Removal of carp from Lake Puckaway to improve fish habitat got off to a good start last year after a massive game fish kill on the lake in 2009 halted the carp project for a year.
A little over one million pounds of carp were taken from the lake starting in November of last year by a commercial fishing business — the La Crosse based Monsoor Fishing Company, which sells the carp to fish distributors.
The Wisconsin Department of Natural Resources has renewed the company’s contract for this year to continue its carp removal efforts from Lake Puckaway located west of Oshkosh in Green Lake County.
The possibility exists that upwards of four to five million pounds of carp could be removed from the lake in the next few years in continuing efforts to clean up the invasive species and provide a better habitat for game fish.
Officials from the DNR said so far they’re also pleased with the Monsoor Fishing Company and its efforts to remove carp.
“We’ve been working with them and they’re taking out a good number of carp,” said Dave Bartz, a DNR fisheries biologist in Wautoma. “They have good equipment and are experienced and professional.”
It was a much different story two years ago when an Ohio man and his crew workers committed a huge blunder while removing carp from the lake.
Ron Bruch, DNR fisheries supervisor in Oshkosh, said they didn’t properly handle the carp removal and as a result there was a pretty substantial killing of game fish, including a sizeable number of walleye.
“They killed about 10 percent of the walleye stock. It didn’t have any measurable effect on the fisheries, but we would have preferred the walleye still be in Lake Puckaway,” Bruch said.
Timothy J. Smith of Swanton, Ohio, who had the contract to remove the carp, pleaded no contest to three counts of unlawful possession of fish and two counts of possessing illegal fish in Green Lake County Circuit Court in September of 2010.
He entered into a deferred prosecution agreement on a felony charge of violating fish dealing rules. A Jan. 17 motion hearing has been scheduled to possibly revoke the agreement for failure to make payments on fines levied for the violations.
The fish kill came to light on Nov. 27, 2009 when a shoreline property owner reported seeing piles of dead fish along the shore in the town of Marquette. DNR agents went to the scene and found thousands of dead fish. The number of game fish, which included highly prized walleye, white bass and northern pike, was estimated at more than 3,300.
Their value was placed at $8.75 each, according to a criminal complaint.
The fish became stressed and many of them died when Smith failed to remove the game fish from his carp nets as required.
Carp studies underway
A major theory behind the carp removal is to improve the habitat so game fish can thrive on Lake Puckaway.
Bruch said carp mess up water clarity by rooting up vegetation beds, which destroys habitat the game fish population needs to be successful and stable.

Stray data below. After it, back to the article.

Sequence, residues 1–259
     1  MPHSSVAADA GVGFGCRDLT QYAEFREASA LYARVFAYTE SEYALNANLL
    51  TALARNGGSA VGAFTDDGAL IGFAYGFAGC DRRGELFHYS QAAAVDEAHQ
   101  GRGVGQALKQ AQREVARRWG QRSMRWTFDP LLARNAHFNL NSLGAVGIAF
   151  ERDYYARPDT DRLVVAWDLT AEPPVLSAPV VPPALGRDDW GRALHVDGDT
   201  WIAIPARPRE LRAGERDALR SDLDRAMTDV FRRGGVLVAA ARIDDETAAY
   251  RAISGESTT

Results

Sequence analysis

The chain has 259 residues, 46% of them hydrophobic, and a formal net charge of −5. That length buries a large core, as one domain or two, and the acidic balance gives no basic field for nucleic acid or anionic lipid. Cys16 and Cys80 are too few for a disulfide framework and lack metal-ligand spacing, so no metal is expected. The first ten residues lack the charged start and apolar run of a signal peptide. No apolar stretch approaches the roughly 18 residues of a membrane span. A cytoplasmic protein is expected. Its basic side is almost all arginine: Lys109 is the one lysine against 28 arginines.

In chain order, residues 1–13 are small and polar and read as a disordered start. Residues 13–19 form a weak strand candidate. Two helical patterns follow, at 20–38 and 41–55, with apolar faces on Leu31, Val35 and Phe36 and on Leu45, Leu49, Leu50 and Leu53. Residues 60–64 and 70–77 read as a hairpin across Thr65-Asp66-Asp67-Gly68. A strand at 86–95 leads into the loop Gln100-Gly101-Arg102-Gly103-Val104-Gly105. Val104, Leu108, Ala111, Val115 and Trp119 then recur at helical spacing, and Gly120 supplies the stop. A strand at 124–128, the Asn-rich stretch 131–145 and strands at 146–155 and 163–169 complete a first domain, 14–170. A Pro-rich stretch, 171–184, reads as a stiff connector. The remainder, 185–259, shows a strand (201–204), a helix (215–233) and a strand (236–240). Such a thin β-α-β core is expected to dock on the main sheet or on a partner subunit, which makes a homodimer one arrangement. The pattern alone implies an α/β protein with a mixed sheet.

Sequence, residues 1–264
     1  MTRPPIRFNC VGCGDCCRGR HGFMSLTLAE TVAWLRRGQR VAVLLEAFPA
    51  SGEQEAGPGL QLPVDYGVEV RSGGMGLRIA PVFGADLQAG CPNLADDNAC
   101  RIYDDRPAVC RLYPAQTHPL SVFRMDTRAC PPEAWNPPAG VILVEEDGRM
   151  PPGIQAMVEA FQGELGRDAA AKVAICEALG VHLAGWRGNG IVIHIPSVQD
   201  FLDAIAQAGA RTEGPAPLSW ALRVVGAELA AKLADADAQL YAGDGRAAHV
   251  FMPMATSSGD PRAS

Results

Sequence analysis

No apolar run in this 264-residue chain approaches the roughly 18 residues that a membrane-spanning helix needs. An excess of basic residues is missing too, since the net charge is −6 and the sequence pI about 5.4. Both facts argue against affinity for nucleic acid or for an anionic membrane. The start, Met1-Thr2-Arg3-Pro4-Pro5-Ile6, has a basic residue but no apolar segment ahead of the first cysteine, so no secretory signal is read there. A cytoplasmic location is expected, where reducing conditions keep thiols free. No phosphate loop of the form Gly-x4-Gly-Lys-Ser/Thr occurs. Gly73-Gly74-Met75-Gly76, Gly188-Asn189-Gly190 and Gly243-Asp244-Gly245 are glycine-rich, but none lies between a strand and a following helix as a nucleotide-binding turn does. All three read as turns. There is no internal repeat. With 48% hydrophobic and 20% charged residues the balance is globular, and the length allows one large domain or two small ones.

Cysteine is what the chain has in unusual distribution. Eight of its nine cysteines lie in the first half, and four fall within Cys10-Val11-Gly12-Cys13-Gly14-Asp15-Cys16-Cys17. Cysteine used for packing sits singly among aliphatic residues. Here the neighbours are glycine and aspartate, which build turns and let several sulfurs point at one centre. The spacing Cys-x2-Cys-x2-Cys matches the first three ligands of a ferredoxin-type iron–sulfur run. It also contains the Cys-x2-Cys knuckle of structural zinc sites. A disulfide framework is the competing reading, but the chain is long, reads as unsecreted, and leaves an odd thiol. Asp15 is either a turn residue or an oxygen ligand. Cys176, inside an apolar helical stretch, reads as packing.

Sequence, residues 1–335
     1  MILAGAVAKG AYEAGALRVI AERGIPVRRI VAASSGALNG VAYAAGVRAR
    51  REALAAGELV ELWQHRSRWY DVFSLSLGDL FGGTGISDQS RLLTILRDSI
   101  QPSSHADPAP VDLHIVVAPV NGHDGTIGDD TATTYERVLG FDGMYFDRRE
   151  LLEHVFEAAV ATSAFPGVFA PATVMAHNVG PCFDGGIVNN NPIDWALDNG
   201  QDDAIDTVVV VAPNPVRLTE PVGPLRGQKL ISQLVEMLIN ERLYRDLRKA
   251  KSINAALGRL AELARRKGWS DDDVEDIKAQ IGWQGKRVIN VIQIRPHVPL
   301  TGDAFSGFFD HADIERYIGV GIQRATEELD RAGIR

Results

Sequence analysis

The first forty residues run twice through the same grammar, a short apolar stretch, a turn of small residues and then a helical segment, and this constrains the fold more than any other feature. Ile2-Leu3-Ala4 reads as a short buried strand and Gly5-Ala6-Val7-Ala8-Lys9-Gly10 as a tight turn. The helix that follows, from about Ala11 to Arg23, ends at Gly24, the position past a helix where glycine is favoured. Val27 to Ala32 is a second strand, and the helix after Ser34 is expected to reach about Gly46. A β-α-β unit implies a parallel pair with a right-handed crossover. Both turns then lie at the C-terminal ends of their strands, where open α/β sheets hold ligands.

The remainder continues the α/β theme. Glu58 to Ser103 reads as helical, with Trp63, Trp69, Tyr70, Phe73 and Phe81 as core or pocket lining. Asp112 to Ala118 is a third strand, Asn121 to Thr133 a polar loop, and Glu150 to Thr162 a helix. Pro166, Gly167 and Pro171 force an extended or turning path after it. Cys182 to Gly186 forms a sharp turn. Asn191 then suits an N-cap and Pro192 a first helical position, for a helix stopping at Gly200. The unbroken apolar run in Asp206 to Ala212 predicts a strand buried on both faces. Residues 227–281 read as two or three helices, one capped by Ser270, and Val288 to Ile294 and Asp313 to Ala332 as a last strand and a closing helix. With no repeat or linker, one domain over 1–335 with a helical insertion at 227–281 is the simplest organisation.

“We’re hoping to remove some of the carp so the habitat will be less influenced by carp left there,” Bruch said.
Phil Malsack, chairman of the Lake Puckaway Protection and Rehabilitation District, said not only will game fishing improve on the lake with fewer carp, but is also a plus for water fowl, including Forster’s Tern, who nest on the lake in what he called “floating mats of vegetation.”
“With fewer carp there will be more vegetation and expand the opportunities for terns to nest,” Malsack said.
Bruch said attempts have been made to remove carp on Lake Puckaway and other area waters for about 100 years, but with no lasting results so far.
Bruch said the current carp management strategy on Lake Puckaway is much more than taking fish out of the water. He said the DNR is doing additional monitoring and studies of carp in partnership with the Lake Puckaway Protection and Rehabilitation District.
Bruch said the Lake Puckaway group provided $7,000 for sonic telemetry tags surgically embedded into 20 carp from Lake Puckaway this past November. He said the tags should help define where carp call home and how fast they grow and die.
“We’re trying to define the stock size of the carp and to figure out the home range of the carp and do they move long range,” Bruch said. “We want to know just what are the dynamics of the carp population in Lake Puckaway.”
He said the tags should also allow DNR personnel to build mathematical models to see what level carp can be removed to negatively impact their population long term.
“Understanding the fish better will provide critical insight into whether carp removal will ever be effective,” Bruch said.
Carp sold for consumption
Jedd Monsoor, who operates the Monsoor Fishing Company with his father, Tom, said carp from Lake Puckaway range from five to 35 pounds and are sold to fish distributors in the Midwest and east coast, where carp are considered a delicacy.
Monsoor said a mile of netting is placed in the lake and airboats are used to scare fish — from carp to a variety of game fish — into the nets.
“We pick out the game fish and immediately release them back into the lake,” Monsoor said.
Monsoor said the live carp are shipped to fish distributors in semi trucks with tanks of water to ensure freshness and good quality.
Malsack said he’s impressed with the work of Monsoor Fishing Company.
“Thank God, we have somebody decent in there to commercially fish the carp,” Malsack said. “I think they have been doing an exceptional job.”
of The Northwestern